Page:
Katy Perry’s dispute with nuns over LA hilltop convent far from over

31 Jul 2015 | Author: | No comments yet »

Judge Rules, For Now, No One Can Lay Claim To Los Feliz Convent.

Katy Perry must wait to buy a $15-million former convent from the Los Angeles archbishop as a judge refused — for now — to evict a local developer who bought it last month from disgruntled nuns.LOS ANGELES (AP) — A judge said Thursday he believes a group of elderly nuns improperly sold their hilltop convent to a businesswoman but delayed any efforts by church officials to finalize a competing sale to pop singer Katy Perry.LOS ANGELES (CBSLA.com) — A Los Angeles County Superior Court judge says the real estate deal of a former convent in Los Feliz to a restaurant owner is invalid. The Roman Catholic Archdiocese of Los Angeles says it’s agreed to sell the multimillion-dollar property to Katheryn Hudson, better known as pop superstar Katy Perry, for $10 million in cash and alternative property valued at $4.5 million.

The judge set another hearing for Sept. 15 and ordered the lawyers to provide him with proposals for an intermediate remedy that would be best for the five remaining Sisters of the Most Holy and Immaculate Heart of the Blessed Virgin Mary. While the judge preliminarily ruled that entrepreneur Dana Hollister’s purchase of the convent is invalid, he ordered her to pay $25,000 a month to support the nuns and denied representatives for Los Angeles’ Catholic archbishop or Perry access to the convent during the dispute. In an interview Monday, Hollister rejected the idea that she had swindled the sisters and insisted that they had the right to choose the buyer for their beloved home. For his part, Gomez cites both canon and California law as being on his side in the bid to annul the nuns’ transaction with local restaurateur Dana Hollister. Hollister said the nuns’ deal with her includes $10 million for the compound and another $5.5 million to buy out the archdiocese’s lease on a retreat house on the property.

The archdiocese and nuns agree the property, which was bestowed to the sisters by a devout Catholic who wanted them to keep him in their prayers, should be sold. The archbishop accuses Hollister of taking advantage of Sisters Rita Callanan, 77, Catherine Rose Holzma, 86, and other nuns who once lived in the villa, by paying only $100,000 upfront and the balance with a $9.9 million promissory note His lawsuit, which claims only he and the Vatican can decide the fate of the property, asks that the sale to Hollister “be declared void as a product of elder abuse.” Hollister called the allegation “ridiculous” and defended the sisters’ mental fitness. “They’re not dumb at all,” she said Wednesday. “No one is saying Warren Buffett is 84 years old and can’t run his own company.” Sister Jean-Marie Dunne doesn’t like Gomez’s attitude either. The 88-year-old has said she doesn’t want any part of the public confrontation, according to court documents, but an e-mail she sent him became part of the record. “OLD AGE does not necessarily = SENILITY,” she wrote.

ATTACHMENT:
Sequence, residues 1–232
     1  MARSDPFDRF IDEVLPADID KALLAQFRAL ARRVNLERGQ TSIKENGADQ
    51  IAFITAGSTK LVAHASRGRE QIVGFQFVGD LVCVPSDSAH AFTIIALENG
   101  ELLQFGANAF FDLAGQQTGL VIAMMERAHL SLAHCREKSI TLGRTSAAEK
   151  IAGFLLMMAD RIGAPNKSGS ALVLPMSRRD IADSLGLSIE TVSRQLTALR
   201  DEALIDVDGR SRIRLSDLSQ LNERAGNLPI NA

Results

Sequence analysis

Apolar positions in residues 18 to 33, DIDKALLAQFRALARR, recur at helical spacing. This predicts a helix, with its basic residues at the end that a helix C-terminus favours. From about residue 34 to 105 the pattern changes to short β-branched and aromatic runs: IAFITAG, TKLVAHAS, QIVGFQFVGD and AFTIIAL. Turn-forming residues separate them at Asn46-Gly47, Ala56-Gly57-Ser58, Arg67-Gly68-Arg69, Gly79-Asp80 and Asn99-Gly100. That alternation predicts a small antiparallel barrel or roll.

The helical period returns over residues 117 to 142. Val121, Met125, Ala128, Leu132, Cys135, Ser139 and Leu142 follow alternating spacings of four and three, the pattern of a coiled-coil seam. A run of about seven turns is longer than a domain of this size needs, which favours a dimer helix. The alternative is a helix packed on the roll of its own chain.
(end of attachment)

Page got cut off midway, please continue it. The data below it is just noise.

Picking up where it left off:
The archdiocese said in a statement Monday that the lawsuit was filed “to protect all the sisters” from Hollister’s purchase and ensure that money from an “authorized sale” would be available to finance their long-term care. Hollister, who lives in another former convent nearby, said she’s done some work, restoring the pool and removing an altar from the main room, which has a 30-foot ceiling and hand-carved fireplace.

According to Sisters Rita and Catherine Rose, Gomez told them last year that he wanted to sell to “someone named Katherine Hudson,” who they later learned was Katy Perry. At least two of the five surviving nuns — who had already searched for Perry’s music videos and weren’t pleased with what they saw — continue to oppose the singer purchasing the convent.

The nuns opposed selling the property to Perry, whose fame was ignited by an ode to sexual experimentation, “I Kissed a Girl.” The nuns’ lawyers argued that Perry’s image did not match those of Catholic nuns. This month, attorneys representing the sisters argued that church leaders made a “hostile takeover” in June when they designated new officers to oversee the religious order’s nonprofit institute. Hollister attended the hearing, sitting in the second row next to a pair of the nuns, one of whom listened to Chalfant describe his ruling with her hand over her mouth.

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